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Always Move Forward (Never Look Back)

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Martha never imagined this was how her life would turn out. A single mom, living in a country whose language she barely spoke (though she was getting better at it every day), with no family, no support network, and only a handful of friends. Several of whom who were paid to be her friend. That was not to say that she was unhappy - in fact, it was quite the opposite. For the first time in her life, she was content. There had been times when she thought she had all that she wanted, but she hadn't known what she was missing until she had Olya. Her daughter. Her daughter. The unconditional love of a child. The challenges and triumphs of trying to raise a young mind in this ever evolving world. And challenges there were, but there were also little smiles and hugs and just watching the wonder and joy of watching her baby become a person, and that was enough for her, and that was enough for her.

Martha doesn’t have any regrets. She can’t have any regrets. Regret eats you alive. So do self pity and disappointment. Martha had been there and was done with all of that. Those first few months, alone, realizing that she had been used, that she could never go home. It ate at her. So she moved on. Forward, onward, never looking back. That was how she survived her new normal. That was how she stayed sane. Settling into this new life of hers. This new love of family. Her love for Olya.

Actually, she did have one regret. One giant gaping hole - her parents would never know their granddaughter and her daughter would never know her parents. Her daughter would never make cookies in the apple green kitchen with Martha’s mother or learn how to ride a bike with Martha’s father cheering her on. But she didn't like to focus on that. Forward, onward, never looking back.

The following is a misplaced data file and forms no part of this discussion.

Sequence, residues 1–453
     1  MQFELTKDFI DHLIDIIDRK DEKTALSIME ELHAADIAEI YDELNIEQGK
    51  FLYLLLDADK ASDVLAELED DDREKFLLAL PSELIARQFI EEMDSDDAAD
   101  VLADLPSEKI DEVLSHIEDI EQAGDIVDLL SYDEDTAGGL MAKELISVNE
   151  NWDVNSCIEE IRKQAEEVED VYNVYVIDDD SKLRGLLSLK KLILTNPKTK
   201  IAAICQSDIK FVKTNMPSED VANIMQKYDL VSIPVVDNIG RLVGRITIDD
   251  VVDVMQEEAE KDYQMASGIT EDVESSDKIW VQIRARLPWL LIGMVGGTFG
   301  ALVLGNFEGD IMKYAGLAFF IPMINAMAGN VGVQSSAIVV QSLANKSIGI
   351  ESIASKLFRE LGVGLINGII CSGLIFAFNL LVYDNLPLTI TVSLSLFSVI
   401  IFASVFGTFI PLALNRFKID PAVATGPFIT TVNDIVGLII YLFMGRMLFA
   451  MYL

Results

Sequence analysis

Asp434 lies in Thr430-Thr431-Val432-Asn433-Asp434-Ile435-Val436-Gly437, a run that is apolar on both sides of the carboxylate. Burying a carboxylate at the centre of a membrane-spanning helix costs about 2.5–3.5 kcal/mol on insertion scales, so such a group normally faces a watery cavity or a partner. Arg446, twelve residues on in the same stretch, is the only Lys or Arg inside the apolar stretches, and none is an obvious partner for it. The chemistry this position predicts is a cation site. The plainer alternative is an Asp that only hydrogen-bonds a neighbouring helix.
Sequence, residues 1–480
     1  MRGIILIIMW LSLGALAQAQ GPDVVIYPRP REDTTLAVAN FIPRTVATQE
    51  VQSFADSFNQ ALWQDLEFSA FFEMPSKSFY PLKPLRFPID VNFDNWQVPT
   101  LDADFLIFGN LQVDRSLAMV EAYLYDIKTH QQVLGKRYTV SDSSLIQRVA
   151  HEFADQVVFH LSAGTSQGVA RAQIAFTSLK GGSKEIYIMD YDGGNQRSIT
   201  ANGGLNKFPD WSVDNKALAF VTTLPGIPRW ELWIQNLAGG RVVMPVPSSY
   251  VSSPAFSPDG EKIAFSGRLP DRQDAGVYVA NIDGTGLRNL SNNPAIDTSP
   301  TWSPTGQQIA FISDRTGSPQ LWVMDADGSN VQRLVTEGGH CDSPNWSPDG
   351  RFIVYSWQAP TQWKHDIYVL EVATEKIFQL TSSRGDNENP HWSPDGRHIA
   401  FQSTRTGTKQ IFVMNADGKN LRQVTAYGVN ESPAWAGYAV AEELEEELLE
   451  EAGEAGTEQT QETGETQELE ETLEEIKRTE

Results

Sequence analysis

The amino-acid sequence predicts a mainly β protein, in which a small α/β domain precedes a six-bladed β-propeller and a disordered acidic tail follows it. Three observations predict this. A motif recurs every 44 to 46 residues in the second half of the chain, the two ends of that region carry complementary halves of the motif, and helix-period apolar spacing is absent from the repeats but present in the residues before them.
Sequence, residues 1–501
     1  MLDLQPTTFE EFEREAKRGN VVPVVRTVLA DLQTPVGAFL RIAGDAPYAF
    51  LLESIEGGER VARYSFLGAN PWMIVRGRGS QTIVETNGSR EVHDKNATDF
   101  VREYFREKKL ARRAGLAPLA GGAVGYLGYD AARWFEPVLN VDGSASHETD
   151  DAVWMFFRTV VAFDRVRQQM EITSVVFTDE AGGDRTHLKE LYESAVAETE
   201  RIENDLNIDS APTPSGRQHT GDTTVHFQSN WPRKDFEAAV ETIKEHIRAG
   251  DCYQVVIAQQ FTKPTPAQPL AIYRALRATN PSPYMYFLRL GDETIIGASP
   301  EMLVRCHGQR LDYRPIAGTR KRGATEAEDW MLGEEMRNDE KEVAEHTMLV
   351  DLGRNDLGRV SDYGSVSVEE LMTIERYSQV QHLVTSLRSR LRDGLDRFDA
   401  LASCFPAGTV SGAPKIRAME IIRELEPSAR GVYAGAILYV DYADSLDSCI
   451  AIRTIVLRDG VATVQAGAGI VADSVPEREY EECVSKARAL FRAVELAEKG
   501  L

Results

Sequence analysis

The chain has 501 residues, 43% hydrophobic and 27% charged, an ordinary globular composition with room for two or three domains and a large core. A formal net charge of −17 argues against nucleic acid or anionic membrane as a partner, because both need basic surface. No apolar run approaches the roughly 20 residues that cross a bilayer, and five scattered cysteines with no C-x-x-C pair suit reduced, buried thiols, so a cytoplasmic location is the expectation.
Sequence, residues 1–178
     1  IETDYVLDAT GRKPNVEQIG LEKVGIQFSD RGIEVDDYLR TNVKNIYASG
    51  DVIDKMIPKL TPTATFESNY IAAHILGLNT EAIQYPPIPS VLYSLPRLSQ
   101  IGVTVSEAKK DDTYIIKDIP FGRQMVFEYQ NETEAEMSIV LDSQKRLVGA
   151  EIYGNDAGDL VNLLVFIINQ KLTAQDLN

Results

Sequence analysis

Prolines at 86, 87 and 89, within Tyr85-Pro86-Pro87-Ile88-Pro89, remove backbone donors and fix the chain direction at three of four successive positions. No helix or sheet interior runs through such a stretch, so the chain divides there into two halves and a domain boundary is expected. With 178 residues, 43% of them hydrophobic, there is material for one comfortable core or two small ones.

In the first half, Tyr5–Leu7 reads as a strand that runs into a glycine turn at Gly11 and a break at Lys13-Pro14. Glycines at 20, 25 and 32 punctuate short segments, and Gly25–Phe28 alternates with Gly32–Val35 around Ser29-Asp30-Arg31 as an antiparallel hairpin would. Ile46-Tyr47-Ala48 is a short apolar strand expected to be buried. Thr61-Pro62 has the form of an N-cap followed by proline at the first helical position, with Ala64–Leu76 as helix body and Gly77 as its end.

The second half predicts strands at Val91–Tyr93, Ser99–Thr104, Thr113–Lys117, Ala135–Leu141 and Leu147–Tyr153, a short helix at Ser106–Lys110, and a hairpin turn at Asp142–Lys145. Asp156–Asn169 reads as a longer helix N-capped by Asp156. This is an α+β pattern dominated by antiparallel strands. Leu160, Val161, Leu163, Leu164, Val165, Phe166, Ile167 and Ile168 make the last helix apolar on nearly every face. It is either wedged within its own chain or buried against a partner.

When she was 18 and just starting out in her career she had always imagined settling down in the suburbs with two kids and a white picket fence. She had enjoyed her job, but she never wanted to be one of those career women. She wanted a husband, kids, stability. She finally had family and stability and it was nothing like she imagined, but it was so perfect in a totally different way. She may not have that life she always thought she wanted but she learned long ago that life is what you make it.

She thought she would be more bitter, more angry about Clark. It took her some time, but with hindsight being twenty twenty, she saw the red flags and she saw herself ignoring them in hopes of finally getting her happily ever after. She had thrown caution to the wind and the wind threw her halfway around the world. Sometimes she would wonder if he ever really loved her, even just a little, or if it was all an act designed to get what he wanted. A small part of her hoped he loved her but a more practical part was confident that he cared at best. Martha hoped he thought about her, what he did to her, at least in passing. If Gabriel was telling her the truth, Clark had thought about her enough to contact her parents, but Gabriel was a professional liar so she didn’t hold much stock in what he said. Truth be told, Clark was also a professional liar. But she couldn’t think about that. Wouldn’t think about that. She was the master of her thoughts and when they strayed down the path of how she got here, she would think of Olya, her smile, her laugh, her sweet innocence. And it all just melted away.